Does anyone know - does the Alto need to be booted from disk, or does it have a PROM loader, or some such thing as onboard firmware to do the boot loading - like, is the problem possibly that there is "no OS" on the disk, and they have to work out how to put it on there, or is this not booting due to some other logic-level problem, i.e. something wrong with the boards?
Interestingly enough, the Alto could also boot from the network , but I guess it would just be easier to take a bootable drive and copy it to the drive. Even creating a whole disk emulator would probably be easier than netbooting an Alto these days. Bootable disk images do exist, as you can use them with the Salto emulator.
Seems to me that they might be better off doing a netboot at first, since this is the booting technique that requires fewer moving parts and less wear and tear on the disk drive .. but I wonder if they did netboot, would they have everything onboard that they need in order to format/configure the disk drive for disk booting, next? So many questions .. I guess I should spend some hours with the Salto simulator, which seems like a guaranteed enjoyable waste of time! :)
The Living Computer Museum in Seattle is building a 3 Mb Ethernet gateway, which potentially would allow network booting.
Netbooting a modern computer from another modern computer is somewhat easy, but with old computers it can be a nightmare. I tried to boot OS9 on a G3 iMac from a 2012 Intel MacBook, and despite days of work I couldn't do it.
Edit: well damn, a quick search bulled up a lovely PDF from textfiles.com.
Seriously though, I would bet that, with enough knowledge & time, you might find everything you need to netboot an Alto here: http://xeroxalto.computerhistory.org/
/Ibis/AltoGateway/Servers/BootServer* looks promising
BTW, if anyone wonders what pup stands for in that pdf:
One common job we did was refurbishment of DG Phoenix and Gemini drives. We sometimes had Diablo's, which is the drive make in the Alto video (possibly a model 30) and Zebra units (these were monster multi-platter units).
The ones I worked on were the Phoenix and Gemini drives (models 6045 and 6050) and were known as 5+5's (MB's) and 10+10's (MB's) meaning that they had a fixed platter, usually carrying the OS and you could top-load a single platter cartridge. There's quite a good picture here with one of these drives in the drawer out position :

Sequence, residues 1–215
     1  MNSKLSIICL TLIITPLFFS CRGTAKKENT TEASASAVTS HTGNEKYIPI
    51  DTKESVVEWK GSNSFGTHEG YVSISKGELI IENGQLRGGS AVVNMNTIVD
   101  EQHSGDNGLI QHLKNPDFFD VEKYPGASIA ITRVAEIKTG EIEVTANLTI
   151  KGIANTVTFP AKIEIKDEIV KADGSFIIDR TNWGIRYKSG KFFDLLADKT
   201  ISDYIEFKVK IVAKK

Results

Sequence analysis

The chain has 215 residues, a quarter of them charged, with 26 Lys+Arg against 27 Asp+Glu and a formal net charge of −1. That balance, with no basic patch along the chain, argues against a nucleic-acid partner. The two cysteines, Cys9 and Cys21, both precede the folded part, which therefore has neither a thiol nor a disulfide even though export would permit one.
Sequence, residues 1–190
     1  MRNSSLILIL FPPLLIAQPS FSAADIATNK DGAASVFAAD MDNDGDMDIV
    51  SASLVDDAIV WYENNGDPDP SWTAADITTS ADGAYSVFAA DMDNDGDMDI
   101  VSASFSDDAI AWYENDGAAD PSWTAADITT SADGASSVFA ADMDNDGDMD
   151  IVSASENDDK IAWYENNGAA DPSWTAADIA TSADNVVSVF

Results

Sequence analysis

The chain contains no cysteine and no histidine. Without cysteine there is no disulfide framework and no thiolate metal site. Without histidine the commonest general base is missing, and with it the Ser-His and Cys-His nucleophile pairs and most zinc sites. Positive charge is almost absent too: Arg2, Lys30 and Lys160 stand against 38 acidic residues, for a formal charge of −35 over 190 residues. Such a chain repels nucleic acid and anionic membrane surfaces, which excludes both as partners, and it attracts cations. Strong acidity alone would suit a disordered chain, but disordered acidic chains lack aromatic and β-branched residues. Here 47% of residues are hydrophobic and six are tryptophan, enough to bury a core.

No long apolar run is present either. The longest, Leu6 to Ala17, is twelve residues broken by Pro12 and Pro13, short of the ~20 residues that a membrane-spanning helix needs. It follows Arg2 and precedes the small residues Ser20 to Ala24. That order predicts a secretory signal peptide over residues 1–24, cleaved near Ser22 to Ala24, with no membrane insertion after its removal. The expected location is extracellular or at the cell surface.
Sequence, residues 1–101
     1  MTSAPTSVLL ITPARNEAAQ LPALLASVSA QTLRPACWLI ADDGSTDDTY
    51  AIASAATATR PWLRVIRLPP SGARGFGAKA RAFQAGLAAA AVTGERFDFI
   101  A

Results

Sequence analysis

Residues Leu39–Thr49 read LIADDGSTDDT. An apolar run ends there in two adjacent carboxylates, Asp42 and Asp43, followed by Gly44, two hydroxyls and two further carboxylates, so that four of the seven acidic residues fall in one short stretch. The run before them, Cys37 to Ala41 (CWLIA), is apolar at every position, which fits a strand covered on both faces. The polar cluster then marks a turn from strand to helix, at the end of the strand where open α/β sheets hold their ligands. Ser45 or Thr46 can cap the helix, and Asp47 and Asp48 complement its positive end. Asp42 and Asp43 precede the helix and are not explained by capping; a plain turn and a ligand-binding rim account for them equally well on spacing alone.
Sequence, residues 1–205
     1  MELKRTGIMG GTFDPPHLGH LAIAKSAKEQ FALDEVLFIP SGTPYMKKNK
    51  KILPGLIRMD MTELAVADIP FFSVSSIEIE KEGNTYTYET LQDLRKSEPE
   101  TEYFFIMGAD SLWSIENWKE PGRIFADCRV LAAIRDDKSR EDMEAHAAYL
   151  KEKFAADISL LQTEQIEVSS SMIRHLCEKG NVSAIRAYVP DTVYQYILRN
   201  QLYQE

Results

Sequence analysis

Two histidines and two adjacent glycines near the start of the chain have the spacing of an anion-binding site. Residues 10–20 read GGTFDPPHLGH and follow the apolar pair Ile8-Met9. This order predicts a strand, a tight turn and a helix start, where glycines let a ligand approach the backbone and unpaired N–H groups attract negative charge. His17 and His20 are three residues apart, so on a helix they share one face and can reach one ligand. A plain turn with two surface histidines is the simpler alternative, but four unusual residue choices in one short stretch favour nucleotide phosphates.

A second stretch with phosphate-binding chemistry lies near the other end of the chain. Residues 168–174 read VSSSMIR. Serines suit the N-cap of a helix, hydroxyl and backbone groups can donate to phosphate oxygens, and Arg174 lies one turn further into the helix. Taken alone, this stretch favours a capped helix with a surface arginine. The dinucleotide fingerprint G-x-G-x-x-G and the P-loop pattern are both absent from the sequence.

There was a plastic lid you'd put on top of the cartridge which is why you can't see the cartridge release handle in that picture. Normally you wouldn't be able to spin up the disk unless the chassis was pushed back into the rack, however the spring loaded "drawer open" sensor switch could be pulled back a notch towards the rear of the rack so that you could start the drive for service/repair work.
We used to do head replacements, re-alignments and fix head crashes. As was mentioned in the video, so that you could ensure that a cartridge could be reliably used across different disk drives you had a special disk that contained servo tracks which you would align the heads with. I think there were two, possibly three servo tracks on this disk (my memory is a bit vague). There were test points on the electronics you'd hook a scope up to so that you could check the alignment - there would be various pot tweaking to get things just right. Once you thought you had things "just so" the next step was to run the exerciser tests from DTOS (Diagnostic Tape Operating System - yes we booted the diags from tape) or ADES (Advanced Diagnostic Executive System). The Gemini and drives also had these huge linear motors that when in full test mode (seek tests in particular) were quite scary things to behold. This video gives you sort of an idea:
We used to do regular trips from Scotland to London with a pair of Phoenix or Geminis in the company Sierra estate (1st generation). These things were so heavy that you really had to think about your braking distance once up to speed :) That poor car eventually had to have its chassis around the tailgate re-enforced after a few years of battering up and down the motorway with all that big kit in the back. Fun times though.
Edit: By this I mean that I can assimilate text faster than an equivalent amount of info delivered in video form.